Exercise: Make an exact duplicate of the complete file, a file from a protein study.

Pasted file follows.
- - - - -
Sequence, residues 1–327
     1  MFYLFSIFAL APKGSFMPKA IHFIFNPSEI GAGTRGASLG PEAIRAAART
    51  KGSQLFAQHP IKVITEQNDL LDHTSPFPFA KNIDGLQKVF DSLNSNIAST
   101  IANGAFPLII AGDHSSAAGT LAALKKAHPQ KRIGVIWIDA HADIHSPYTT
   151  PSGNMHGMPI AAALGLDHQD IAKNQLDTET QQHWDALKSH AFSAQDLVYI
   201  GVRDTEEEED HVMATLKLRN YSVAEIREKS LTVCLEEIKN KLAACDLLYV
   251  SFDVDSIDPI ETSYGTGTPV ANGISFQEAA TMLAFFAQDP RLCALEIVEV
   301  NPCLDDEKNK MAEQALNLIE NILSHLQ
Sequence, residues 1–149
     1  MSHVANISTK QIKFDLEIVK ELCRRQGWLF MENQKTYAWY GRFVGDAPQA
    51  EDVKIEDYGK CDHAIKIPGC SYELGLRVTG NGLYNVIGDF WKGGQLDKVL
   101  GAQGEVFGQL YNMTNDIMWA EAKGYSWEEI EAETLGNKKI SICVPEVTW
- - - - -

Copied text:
Sequence, residues 1–327
     1  MFYLFSIFAL APKGSFMPKA IHFIFNPSEI GAGTRGASLG PEAIRAAART
    51  KGSQLFAQHP IKVITEQNDL LDHTSPFPFA KNIDGLQKVF DSLNSNIAST
   101  IANGAFPLII AGDHSSAAGT LAALKKAHPQ KRIGVIWIDA HADIHSPYTT
   151  PSGNMHGMPI AAALGLDHQD IAKNQLDTET QQHWDALKSH AFSAQDLVYI
   201  GVRDTEEEED HVMATLKLRN YSVAEIREKS LTVCLEEIKN KLAACDLLYV
   251  SFDVDSIDPI ETSYGTGTPV ANGISFQEAA TMLAFFAQDP RLCALEIVEV
   301  NPCLDDEKNK MAEQALNLIE NILSHLQ
Sequence, residues 1–149
     1  MSHVANISTK QIKFDLEIVK ELCRRQGWLF MENQKTYAWY GRFVGDAPQA
    51  EDVKIEDYGK CDHAIKIPGC SYELGLRVTG NGLYNVIGDF WKGGQLDKVL
   101  GAQGEVFGQL YNMTNDIMWA EAKGYSWEEI EAETLGNKKI SICVPEVTW